Inside Out is the best Pixar film since Up, but also a slow starter, opening with a sweet but slight short and taking its time to build up a head of steam. This is a necessary problem, though, as the opening sequences lay the groundwork. The resulting film has an ending you might be able to see coming, but still gets better and better as it goes along. Inside Out is ultimately a joyous yet melancholy film, bordering on Pixar at their best. The characters, ideas and journey are great fun, have universal appeal without feeling vague or dumbed down and – rather than tugging – gently lead your heartstrings outside to just have a listen and put an arm around them.
Establishing the world of Inside Out takes up the opening third of the film, charting an eleven year old Riley’s life so far, and the prospect of her moving house and city. This is narrated by Joy (Amy Poehler), who arrives in Riley’s head at her birth only to be shortly followed by Sadness (Phyllis Smith). Setting up both Riley’s internal and external life takes time, as we set up the aspects of her personality – Joy, Sadness, Disgust (Mindy Kaling), Fear (Bill Hader) and Anger (Lewis Black) – and the way this cartoon world version of her brain operates. It’s impressive how accurate the depiction of a working brain is, even if it’s all done with visual metaphors. The setting allows Pixar to go to town with the cartoony side of the visuals, having the same sort of fun as they did with Monsters Inc (It’s probably worth paying attention to background characters on a second watch).
But, once all the establishing work has been done, with the characters and situation set up, the film kicks into gear. We know the rules, and so the film can have fun with them, leading to the sequence you might have seen in the teaser trailer, which is funnier once you know the context. The film manages to make potentially familiar observational comedy feel interesting by conveying it through Joy, Sadness et al’s attempts to process familiar sensations and feelings. Where Pixar improve on a Michael McIntyre style observational routine is in making a bee-line for shared experiences of growing up, looking into the emotional and personal aspect of loss and change, and also being no slouches at the comedy either.
As Riley finds it hard to leave her old life behind and struggles to fit in, things start going wrong in her head, with Joy and Sadness pitched together to try to fix things as the other three try to cope without them. While The Numbskulls comparisons seemed obvious from the trailers, it’s more expansive than that. There’s been a lot of work put into realising the human brain as strong visual images, and some great ideas used to represent aspects of the human mind. Only an animated film could deliver these concepts this well, and probably only Pixar could wring as much tears and laughter from them.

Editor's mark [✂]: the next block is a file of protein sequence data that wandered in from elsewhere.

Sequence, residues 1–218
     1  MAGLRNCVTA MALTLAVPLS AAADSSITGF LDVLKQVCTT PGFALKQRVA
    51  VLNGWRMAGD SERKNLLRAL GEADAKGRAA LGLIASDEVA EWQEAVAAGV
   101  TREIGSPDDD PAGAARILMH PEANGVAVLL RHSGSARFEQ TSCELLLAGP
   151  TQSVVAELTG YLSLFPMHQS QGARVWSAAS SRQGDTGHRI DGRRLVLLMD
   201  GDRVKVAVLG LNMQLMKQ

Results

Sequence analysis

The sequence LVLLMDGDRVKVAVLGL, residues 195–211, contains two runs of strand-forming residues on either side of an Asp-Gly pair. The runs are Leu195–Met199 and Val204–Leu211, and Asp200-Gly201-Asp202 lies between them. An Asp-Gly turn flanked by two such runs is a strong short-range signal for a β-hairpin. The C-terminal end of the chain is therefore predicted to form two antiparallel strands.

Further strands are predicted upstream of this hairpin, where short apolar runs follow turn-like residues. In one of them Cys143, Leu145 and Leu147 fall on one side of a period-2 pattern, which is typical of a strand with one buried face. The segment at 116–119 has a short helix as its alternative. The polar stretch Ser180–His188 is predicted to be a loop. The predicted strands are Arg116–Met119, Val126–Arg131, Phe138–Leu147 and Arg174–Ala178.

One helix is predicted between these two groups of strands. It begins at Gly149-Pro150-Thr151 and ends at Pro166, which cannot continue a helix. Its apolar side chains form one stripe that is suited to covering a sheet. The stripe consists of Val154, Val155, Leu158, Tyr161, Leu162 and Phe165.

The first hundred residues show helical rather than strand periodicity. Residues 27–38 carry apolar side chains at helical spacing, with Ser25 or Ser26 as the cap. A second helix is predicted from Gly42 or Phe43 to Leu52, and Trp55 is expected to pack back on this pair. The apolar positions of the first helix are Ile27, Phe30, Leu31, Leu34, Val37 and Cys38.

There are moments where, in the silence that follows, you may hear pockets of sniffling from across the cinema. The themes here tread similar ground to Toy Story 3. Most of us can recognise some aspect of what Riley is going through.
The main character isn’t really Riley, though, it’s Poehler’s Joy. Anyone who’s seen Parks And Recreation (and if you haven’t, you really should) knows Poehler can make earnest good-natured characters work, but the key thing with Joy is the balance between her effervescence and positivity and the potential for this being annoying. It’s hard to imagine anyone other than Poehler playing that this well.
It’s her odd-couple relationship with Sadness that’s the core of the film, which manages to avoid getting too heavy while feeling emotionally honest. There’s one moment of spelling out the message, but it’s a good message to spell out, and the film also makes some subtle and interesting points about human emotional state. Oddly, it’s not dissimilar to a late 80s Doctor Who story in that respect, only less likely to get sued by Bassetts.
Once you get into it, Inside Out gets into you. Everyone will have an especially subjective reaction to this based on their own lives. With a lot of creative input involved, it manages to be precise in the events it tells – rather than the vagueness of certain songs where the pronouns allow anyone to relate to it – but accessible. It’s not perfect, with its necessary slow start and somewhat inevitable outcome, but just because I knew the destination doesn’t mean the journey wasn’t hugely satisfying nonetheless.
So, overall, it’s a rich and entertaining romp with brains and heart, a crowd pleaser with memorable characters (Bing Bong. That is all) and a great deal of thought put into it. The impressive thing is that, by the time the credits roll, it’s all felt effortless. After building up to a cathartic finale located right in your feels, it has a credits sequence funny enough to distract you from this as you leave the cinema laughing. It’s this balance that epitomises the entire film.
Inside Out was playing at the Edinburgh International Film Festival.
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